About addiction and wishes and new days.

So I was talking to a sweet friend of mine about addiction and grief and all that makes life hard and beautiful at the same time. You see, she has struggled with addiction and it’s not my job to tell her story, so I won’t. But it did make me think of addiction in my life. My dad struggled. Hard. And consequently I’ve been around a lot of other souls growing up that did too. So I’ve spent the majority of my life trying to not be addicted to anything because I didn’t want to be addicted. And perhaps, deep down, I thought I didn’t want to be them. Even though “they” are some of the most amazing people I’ve ever met.

As I’ve walked through my menial 28 years on this earth I have determined that people who have walked through a 12 step program and things like it are my favorite. They live day by day. They embrace freedom. They embrace struggle and they embrace those who have struggled which is really what we are all here to do, right? Embrace the hard things. Together.

Every addict that I have met is “brutiful”, as my friend Glennon Melton would say. Ok, she’s not my friend, but I’m on a big metal bird flying through the sky from Kentucky to California, so right now I feel that wishing is appropriate. Someone wished for this and here I sit, flying, so I shall wish for that. Anyways, their lives are brutal AND beautiful. Each and both. And I think that most of them would agree to that as well.

So I think that while I’ve spent the majority of my life trying to NOT be something, but then when I really sit down and look at my current state and the last few years of my life I’m pretty sure that I ended up that way anyways. At least for part of it.

You see when my dad chose to take his own life, I grieved. Hard. And no one expected me to do any different. And I’ve spent the last 6 and half years doing it in some way. Don’t get me wrong, my life has carried on seemingly normal. I have a full time job and a part time job and incredible friends and a wonderfully dysfunctional family. I have traveled and lived and learned and healed. I’m a completely different woman than I was on August 21, 2008. Thank God.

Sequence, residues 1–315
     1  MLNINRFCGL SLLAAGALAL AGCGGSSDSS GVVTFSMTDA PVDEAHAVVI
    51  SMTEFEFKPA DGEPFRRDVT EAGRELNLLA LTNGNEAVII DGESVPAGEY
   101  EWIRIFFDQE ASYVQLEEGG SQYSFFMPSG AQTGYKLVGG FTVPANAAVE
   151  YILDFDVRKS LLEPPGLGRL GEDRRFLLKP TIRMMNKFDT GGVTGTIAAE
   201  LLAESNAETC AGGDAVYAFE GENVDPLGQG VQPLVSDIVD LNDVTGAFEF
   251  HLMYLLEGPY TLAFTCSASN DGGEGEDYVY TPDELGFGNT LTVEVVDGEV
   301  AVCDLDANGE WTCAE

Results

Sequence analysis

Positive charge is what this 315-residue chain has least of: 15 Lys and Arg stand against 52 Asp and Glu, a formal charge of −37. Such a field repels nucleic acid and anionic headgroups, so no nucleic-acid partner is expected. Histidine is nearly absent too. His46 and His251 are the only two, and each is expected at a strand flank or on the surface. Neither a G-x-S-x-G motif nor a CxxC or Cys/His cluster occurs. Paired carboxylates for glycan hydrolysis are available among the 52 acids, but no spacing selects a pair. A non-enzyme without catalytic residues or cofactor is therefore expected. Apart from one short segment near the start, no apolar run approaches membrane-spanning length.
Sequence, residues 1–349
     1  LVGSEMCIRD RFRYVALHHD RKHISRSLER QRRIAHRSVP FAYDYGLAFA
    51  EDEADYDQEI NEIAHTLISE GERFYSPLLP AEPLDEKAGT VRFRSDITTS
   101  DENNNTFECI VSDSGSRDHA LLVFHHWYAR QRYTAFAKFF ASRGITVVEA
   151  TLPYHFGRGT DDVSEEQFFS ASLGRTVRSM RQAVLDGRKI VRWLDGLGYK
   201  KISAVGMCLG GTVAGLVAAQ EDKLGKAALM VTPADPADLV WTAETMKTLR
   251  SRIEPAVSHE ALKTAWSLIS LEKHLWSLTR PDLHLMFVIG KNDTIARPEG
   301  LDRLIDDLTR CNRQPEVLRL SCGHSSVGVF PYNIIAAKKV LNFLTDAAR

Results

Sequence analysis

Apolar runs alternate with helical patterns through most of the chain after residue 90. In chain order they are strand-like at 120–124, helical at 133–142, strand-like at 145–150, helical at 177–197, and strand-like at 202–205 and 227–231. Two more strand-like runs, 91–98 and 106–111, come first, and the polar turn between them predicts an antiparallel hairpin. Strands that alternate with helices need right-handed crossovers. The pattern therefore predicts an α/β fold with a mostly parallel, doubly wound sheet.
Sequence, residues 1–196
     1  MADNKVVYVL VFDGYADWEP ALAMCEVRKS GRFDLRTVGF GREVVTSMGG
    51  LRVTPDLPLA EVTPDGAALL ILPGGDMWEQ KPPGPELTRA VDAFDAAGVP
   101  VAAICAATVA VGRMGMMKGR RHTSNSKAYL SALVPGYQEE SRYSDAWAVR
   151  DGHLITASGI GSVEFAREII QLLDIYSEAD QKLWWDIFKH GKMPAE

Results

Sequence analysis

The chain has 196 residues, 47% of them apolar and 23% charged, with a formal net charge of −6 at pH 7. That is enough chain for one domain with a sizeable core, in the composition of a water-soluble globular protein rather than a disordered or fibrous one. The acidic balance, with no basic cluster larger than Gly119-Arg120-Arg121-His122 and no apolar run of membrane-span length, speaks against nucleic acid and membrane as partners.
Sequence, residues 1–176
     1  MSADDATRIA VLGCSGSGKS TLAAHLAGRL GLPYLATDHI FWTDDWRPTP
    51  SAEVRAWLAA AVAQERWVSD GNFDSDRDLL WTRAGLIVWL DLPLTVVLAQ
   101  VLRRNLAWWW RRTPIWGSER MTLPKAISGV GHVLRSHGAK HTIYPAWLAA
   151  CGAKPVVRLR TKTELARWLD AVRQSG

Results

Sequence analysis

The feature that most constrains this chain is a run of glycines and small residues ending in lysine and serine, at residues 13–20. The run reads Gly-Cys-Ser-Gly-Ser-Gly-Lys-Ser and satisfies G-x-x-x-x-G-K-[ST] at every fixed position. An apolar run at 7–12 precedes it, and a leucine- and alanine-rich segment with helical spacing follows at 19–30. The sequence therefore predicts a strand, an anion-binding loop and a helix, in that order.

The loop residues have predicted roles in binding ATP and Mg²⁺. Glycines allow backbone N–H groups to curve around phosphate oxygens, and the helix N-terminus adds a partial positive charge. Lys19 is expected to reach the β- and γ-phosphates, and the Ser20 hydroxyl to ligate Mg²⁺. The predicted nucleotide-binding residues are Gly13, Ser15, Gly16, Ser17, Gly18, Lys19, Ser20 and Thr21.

But do you ever have those moments when a light just gets turned on and all of a sudden you have that “AH HA!” moment?? I had one the other day when I was at the gym. I would partially like to thank the friend that I spoke about at the beginning of this essay and then I would also like to thank my primary care doctor and the wonderful inventors of Paxil, you beautiful little anti-depressant, you. So as we were at the gym the other day I was asking about my friend’s recovery process. She began telling me how it’s hard and it’s changing her and all of these steps she takes and then it happened.

My light came on.

I had been what I didn’t want to be. I had been addicted to my grief. I had held on so tightly to grieving my dad that it had become part of my identity. Anytime I was sad and didn’t know why, my dad was why. His choice. His absence. I always resulted back to it. It could have been money or depression or rejection or rain or a bad hair day. But I always went back to losing him because that grief was totally justified. I have always said since losing my dad that I feel the closest to him when I am sad about him. So I think that in not REALLY processing that, those tears and those “bad dad days” as I liked to call them, were always me seeking just to feel a little bit closer to the man that I miss with my whole heart who will miss so many firsts in my life. And that hurts. And it will always hurt. But I think that in returning to that grief every time that I felt a small tinge made me attached to it like you get when you keep going back to a relationship that hurts you but you just can’t seem to move on because even if the pain is painful, you know the pain. You’re friends with the pain. You’ve wrapped a bow around the pain and tried to make it pretty so that people don’t think it’s weird.

My grief had a really pretty bow and looked all hand made and like I’d pulled it off of Pinterest. No one ever told me it was weird because when I told them what it was, no one said a thing about it because I had been through hard things to get my bow. That bow was earned and would forever be ok to anyone that I gave reason for my bow.

So now, while I have had this great realization, I’m still trying to figure out where to go from here. I’m learning because I hope and pray to always be learning. I have a lot of firsts ahead in the next few months and I hope the hard days are difficult for their own reasons. And I know that I have plenty of days ahead that I will desperately miss my dad, and I hope that those days are hard for that reason. And that I can grieve and celebrate and miss him in those moments. Until then, here’s to freedom and change and hard things.

Keep on keepin’ on.


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